Biannual VVA Michigan State Council Convention

May 31 – June 2

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VVA National President Jack McManus Testifies Before Joint House and Senate Veterans Affairs Committee
(Washington, D.C.) – Vietnam Veterans of America National President Jack McManus presented VVA’s 2024 legislative priorities and policy initiatives on March 13, 2024, before the joint hearing of the House and Senate Veterans’ Affairs Committees.
IMMEDIATE RELEASEMARCH 13, 2024No. 24-1Contact: Mokie Porter301-996-0901
 Vietnam Veterans of America National President Jack McManus presented VVA’s 2024 legislative priorities and policy initiatives on March 13, 2024, before the joint hearing of the House and Senate Veterans’ Affairs Committees.
In his testimony, McManus highlighted several of VVA’s top legislative priorities and policy initiatives:
– Assure full funding of the Defense POW/MIA Accounting Agency so that the 1,577 unaccounted-for American servicemembers from VVA’s long-ago war and their survivors can finally find some peace.
– Honor the lifetime of service of disabled Vietnam veteran and Bronze Star recipient Thomas Corey (1944-2022) by passing the Renaming the VA Medical Center in West Palm Beach, Florida, in Honor of Thomas H. Corey Act (H.R. 7333).
– Pass the Donut Dollies Congressional Gold Medal Act (H.R. 3592) to recognize the service of the 627 Donut Dollies who volunteered with the Red Cross during the Vietnam War to serve in perilous, frontline positions.
– Hold an oversight committee hearing on the Toxic Exposure Research Act, which calls for intergenerational research, with the VA Secretary as star witness, to investigate what metrics he used that empowered him to not follow the law.
– Amend the Blue Water Navy Vietnam Veterans Act 2019 (P.L. 116-23) to extend the arbitrary twelve-nautical mile limitation sufficient to include U.S. Navy and Marine Corps Vietnam veterans who were assigned to the Vietnam Theater of Combat Operations or received the Vietnam Service Medal.Call for research on pre-Gulf War burn pit use, including all veterans who were exposed to any toxicants and are still waiting for answers as to their long-term effects. This will begin the work towards the equitable care and treatment of all toxic-exposed servicemembers, and address a misstep in the PACT Act that excluded veterans who served in locations outside of the Middle East and West Asia or before the Gulf War.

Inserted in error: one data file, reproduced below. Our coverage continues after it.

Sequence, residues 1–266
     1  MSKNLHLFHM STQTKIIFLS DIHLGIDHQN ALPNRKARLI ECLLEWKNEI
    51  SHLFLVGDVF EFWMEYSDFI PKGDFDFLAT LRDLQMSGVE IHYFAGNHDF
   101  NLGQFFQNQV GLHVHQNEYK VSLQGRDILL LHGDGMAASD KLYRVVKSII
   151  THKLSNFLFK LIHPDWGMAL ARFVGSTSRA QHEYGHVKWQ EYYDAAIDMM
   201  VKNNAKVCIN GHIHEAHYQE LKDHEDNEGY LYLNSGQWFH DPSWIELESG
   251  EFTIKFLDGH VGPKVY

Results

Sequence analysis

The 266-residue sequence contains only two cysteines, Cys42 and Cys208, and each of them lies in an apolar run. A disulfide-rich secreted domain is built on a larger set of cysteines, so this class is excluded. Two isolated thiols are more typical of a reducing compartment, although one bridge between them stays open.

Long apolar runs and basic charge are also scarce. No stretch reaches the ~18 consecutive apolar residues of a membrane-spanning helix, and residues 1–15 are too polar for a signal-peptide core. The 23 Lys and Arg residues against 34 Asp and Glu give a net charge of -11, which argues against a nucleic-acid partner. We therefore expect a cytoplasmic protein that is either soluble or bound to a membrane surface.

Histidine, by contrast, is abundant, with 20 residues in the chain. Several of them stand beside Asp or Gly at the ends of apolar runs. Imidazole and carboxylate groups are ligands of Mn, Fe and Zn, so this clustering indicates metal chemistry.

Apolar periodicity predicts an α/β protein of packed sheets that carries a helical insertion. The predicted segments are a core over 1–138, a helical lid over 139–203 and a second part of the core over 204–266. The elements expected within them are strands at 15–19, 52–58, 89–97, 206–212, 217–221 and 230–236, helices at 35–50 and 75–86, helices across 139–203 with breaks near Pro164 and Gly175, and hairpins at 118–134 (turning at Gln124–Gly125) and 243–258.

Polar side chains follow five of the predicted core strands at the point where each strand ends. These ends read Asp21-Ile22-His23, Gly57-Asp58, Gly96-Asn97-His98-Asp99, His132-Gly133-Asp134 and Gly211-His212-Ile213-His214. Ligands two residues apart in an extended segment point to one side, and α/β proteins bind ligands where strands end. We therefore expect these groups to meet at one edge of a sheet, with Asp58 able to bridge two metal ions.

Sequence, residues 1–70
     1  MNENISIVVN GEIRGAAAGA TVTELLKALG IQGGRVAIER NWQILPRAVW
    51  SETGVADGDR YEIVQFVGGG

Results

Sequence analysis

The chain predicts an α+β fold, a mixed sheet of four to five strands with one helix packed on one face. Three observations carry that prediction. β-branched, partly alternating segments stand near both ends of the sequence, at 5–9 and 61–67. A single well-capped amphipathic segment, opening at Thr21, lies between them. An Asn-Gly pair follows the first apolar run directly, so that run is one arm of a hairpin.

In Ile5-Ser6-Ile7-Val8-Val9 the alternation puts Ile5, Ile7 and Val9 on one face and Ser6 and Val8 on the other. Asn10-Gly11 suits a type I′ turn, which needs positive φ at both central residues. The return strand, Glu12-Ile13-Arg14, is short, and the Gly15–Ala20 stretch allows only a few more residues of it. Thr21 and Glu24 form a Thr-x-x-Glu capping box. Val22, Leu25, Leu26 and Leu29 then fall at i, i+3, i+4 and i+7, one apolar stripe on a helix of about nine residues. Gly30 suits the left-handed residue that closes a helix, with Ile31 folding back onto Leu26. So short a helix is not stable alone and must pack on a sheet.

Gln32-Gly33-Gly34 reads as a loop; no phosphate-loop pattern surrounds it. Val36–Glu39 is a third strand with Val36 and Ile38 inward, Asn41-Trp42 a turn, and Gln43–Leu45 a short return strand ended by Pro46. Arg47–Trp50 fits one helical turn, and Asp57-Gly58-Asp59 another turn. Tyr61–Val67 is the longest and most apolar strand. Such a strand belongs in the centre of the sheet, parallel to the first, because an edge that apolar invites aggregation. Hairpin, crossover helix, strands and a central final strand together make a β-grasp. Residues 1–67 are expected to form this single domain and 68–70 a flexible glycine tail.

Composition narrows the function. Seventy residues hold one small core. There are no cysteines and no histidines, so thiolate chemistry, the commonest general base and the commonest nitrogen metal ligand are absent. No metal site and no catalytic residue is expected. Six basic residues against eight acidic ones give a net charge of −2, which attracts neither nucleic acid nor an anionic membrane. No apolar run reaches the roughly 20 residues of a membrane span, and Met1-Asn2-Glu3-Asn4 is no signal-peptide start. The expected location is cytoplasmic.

– Maintain close oversight of the implementation of the PACT Act, including a transparent review of how TEF dollars are being or will be spent. While VVA is opposed to spending caps on toxic exposure research, it would welcome congressional oversight on spending to ensure that money is being spent in a way that will benefit veterans and their families.
– Compel the VA to execute the Fort McClellan epidemiological study required by the PACT Act to ensure that veterans and others impacted by toxic exposure at Fort McClellan are informed about their right to participate and receive healthcare. Congress must make regular inquiries about toxic exposures on domestic and overseas installations, so that veterans and their families can mitigate the harm caused by toxic exposure.
– Stop delaying and pass The Major Richard Star Act (H.R. 1282/S. 344) to allow combat-disabled military retirees to receive full retirement pay and disability benefits simultaneously.
– Enact legislation reinstating the 48-hour VSO-review period for disability claims. The current Claims Accuracy Review (CAR) program is failing, with approximately 50% of claims initially denied, and a staggering 80% containing errors at the Board of Veterans Appeals. Reinstatement would allow VSOs to dispute erroneous conclusions and point to errors, improving claims outcomes for veterans and reducing the need for participation in the appellate process.
– Enact legislation prohibiting the reduction of VA disability compensation for incarcerated veterans, placing any balance above 10% into an escrow account until a veteran’s release date. By holding justice-involved veterans’ money in escrow, we can reduce instability and help them return as productive members of society once they have served their time.
– Act to ensure that a reciprocity agreement with South Korea is entered into immediately so that the veterans covered by the Korean American VALOR Act (2023) can get the healthcare they rightly deserve.
– Address the persistent challenge to access healthcare in rural Puerto Rico by amending the Puerto Rican tax code to draw more healthcare workers. A chronic issue for the Commonwealth is the shortage of employees within the Puerto Rico VA healthcare system. As the veteran population continues to age – 63.9% of veterans in Puerto Rico are aged 65 or older – the need for healthcare workers will continue to increase. Congress must act to eliminate this barrier to care.
– Order the VA to reinstitute the use of physician assistants as mental health treatment providers at VA hospitals and clinics to address the historic difficulties with access to mental healthcare for veterans. Permitting PAs to practice in this space will allow for the dramatic expansion of access to mental health services for our nation’s veterans. Read VVA’s Full Legislative Agenda Here Vietnam Veterans of America (VVA) is the nation’s only congressionally chartered veterans service organization dedicated to the needs of Vietnam-era veterans and their families. VVA’s founding principle is “Never again will one generation of veterans abandon another.”